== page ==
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Zirconium Metal Fines Recovery: Interim Technical Report for May 15, 1950 to December 15, 1950

Description: This report covers the laboratory and pilot plant investigation of the reclamation of the low hafnium zirconium fines resulting from the manufacture of zirconium sponge and zirconium crystal bar. The process investigated involved recovery of the zirconium as zirconium tetrachloride, by drying the fines in an atmosphere of nitrogen and subsequent chlorination of the fines with anhydrous hydrogen chloride at temperatures above the sublimation point of the product.
Date: January 24, 1951
Creator: Ogburn, S. C., Jr. & Reader, L. J.
Partner: UNT Libraries Government Documents Department

Extraction of short-lived zirconium and hafnium isotopes usingcrown ethers: A model system for the study of rutherfordium

Description: The extraction of zirconium and hafnium from hydrochloric acid media was studied using the crown ethers dibenzo-18-crown-6 (DB18C6), dicyclohexano-18-crown-6 (DC18C6) and dicyclohexano-24-crown-8 (DC24C8) as extractants. The goal was to find an extraction system that exhibits a high selectivity between the members of group 4 of the periodic table and is suitable for the study of rutherfordium. It was found that Zr and Hf are both extracted using DB18C6, DC18C6 and DC24C8. The extraction yield increases with increasing acid concentration and increasing concentration of crown ether. The extracted species most likely consists of an ion-association complex formed between a Zr or Hf chloro complex and a hydronium crown ether complex. Conditions can be found for each extractant that provide for the separation of Zr from Hf. This selective separation between Zr and Hf makes the extraction with crown ethers from HCl well suited to study the extraction behavior of Rf and compare it to the behavior of Zr and Hf. These extraction systems can be used to determine whether the extraction behavior of Rf is similar to Zr, similar to Hf or follows the trend established by the lighter homologs. The extraction kinetics are fast enough for the study of the 78-s isotope {sup 261}Rf.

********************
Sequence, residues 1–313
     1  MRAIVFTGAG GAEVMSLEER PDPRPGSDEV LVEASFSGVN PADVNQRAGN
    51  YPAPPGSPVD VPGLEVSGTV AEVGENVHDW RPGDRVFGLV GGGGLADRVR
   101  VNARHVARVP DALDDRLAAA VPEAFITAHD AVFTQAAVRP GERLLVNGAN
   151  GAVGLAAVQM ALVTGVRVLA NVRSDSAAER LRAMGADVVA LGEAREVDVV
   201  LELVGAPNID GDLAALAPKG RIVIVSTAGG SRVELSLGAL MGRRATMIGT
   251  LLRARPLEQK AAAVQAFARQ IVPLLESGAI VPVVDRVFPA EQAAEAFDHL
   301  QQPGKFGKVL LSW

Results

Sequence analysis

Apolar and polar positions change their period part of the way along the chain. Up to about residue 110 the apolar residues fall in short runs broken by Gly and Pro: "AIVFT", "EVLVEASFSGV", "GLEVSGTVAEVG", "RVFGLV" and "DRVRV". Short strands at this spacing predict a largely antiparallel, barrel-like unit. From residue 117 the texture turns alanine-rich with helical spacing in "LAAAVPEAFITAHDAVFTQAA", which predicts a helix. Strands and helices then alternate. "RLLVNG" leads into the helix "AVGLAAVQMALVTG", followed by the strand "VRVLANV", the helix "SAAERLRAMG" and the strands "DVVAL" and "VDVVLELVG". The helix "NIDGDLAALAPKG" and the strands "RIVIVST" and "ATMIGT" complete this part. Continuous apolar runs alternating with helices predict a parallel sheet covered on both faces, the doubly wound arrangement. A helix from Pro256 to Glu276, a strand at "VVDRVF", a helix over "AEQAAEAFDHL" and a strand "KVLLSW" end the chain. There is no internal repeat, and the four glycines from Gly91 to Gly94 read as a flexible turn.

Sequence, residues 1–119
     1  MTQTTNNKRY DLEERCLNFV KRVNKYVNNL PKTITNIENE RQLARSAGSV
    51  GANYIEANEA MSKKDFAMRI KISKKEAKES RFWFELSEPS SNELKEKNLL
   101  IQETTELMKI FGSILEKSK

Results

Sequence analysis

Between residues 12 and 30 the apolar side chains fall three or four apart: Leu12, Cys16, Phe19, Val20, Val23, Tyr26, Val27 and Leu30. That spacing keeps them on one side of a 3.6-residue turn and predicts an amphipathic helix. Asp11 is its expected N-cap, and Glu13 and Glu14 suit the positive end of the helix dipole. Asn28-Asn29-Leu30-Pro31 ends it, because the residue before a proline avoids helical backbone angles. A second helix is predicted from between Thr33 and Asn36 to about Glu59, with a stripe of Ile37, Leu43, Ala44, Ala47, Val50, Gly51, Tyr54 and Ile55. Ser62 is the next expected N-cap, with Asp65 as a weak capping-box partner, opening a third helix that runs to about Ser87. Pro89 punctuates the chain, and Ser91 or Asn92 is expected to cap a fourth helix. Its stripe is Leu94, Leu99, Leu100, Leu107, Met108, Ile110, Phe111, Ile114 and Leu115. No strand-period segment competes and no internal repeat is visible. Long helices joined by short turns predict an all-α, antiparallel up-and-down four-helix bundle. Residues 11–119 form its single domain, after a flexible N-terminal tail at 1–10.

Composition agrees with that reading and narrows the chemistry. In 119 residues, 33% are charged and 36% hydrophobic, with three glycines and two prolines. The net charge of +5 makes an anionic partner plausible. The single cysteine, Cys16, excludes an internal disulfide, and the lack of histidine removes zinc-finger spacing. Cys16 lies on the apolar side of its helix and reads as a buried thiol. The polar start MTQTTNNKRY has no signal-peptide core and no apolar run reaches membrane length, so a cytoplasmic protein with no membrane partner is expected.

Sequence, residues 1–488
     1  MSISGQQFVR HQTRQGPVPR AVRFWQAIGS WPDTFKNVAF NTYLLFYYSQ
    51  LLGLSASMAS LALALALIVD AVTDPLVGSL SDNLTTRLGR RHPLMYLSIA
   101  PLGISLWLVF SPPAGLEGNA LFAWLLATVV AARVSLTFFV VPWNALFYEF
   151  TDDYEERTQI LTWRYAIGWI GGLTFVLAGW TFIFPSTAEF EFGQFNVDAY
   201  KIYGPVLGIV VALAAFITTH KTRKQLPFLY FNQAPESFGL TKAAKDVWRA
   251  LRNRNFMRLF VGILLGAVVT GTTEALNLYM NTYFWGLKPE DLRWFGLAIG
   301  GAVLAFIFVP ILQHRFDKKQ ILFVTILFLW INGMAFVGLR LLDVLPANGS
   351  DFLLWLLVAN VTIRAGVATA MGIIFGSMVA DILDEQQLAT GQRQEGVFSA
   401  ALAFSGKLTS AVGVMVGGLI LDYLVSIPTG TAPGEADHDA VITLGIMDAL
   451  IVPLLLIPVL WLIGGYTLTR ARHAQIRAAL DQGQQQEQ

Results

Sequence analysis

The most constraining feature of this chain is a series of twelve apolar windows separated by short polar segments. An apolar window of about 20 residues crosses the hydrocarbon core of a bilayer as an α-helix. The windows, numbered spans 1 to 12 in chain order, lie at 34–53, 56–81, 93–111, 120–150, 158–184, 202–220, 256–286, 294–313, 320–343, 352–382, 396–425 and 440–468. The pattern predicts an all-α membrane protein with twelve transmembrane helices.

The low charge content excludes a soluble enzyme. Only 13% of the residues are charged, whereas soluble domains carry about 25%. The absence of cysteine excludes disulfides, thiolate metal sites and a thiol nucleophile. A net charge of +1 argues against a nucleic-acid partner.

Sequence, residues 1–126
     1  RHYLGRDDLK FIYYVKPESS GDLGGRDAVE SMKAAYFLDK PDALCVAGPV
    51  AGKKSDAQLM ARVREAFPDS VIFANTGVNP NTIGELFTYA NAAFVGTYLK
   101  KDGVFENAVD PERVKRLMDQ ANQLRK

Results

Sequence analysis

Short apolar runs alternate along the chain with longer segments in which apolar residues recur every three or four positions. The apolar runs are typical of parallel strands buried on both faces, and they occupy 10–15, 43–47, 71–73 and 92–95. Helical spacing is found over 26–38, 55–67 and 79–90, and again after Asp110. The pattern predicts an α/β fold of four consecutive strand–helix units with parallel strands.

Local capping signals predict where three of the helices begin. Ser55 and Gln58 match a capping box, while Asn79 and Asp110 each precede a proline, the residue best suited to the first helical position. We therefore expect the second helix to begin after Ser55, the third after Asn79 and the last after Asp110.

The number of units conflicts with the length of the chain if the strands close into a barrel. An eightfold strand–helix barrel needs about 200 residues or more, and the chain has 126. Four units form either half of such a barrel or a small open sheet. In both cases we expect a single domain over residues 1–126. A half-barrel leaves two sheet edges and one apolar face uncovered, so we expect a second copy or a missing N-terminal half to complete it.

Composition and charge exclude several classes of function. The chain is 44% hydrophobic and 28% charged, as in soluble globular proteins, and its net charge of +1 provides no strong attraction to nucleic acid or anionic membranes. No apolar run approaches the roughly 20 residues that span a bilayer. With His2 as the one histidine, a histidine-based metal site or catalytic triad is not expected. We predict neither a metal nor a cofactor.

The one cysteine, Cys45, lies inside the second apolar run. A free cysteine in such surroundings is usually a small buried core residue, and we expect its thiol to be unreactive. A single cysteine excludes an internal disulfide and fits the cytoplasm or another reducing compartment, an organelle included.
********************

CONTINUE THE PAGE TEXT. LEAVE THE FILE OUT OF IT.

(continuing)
Date: July 6, 2005
Creator: Sudowe, Ralf; Calvert, Michael G.; Dullmann, Christoph E.; Farina, Lindsy M.; Folden III, Charles M.; Gregorich, Kenneth E. et al.
Partner: UNT Libraries Government Documents Department

K-isomers in Hf nuclei at and beyond the neutron-rich edge of {beta}-stability.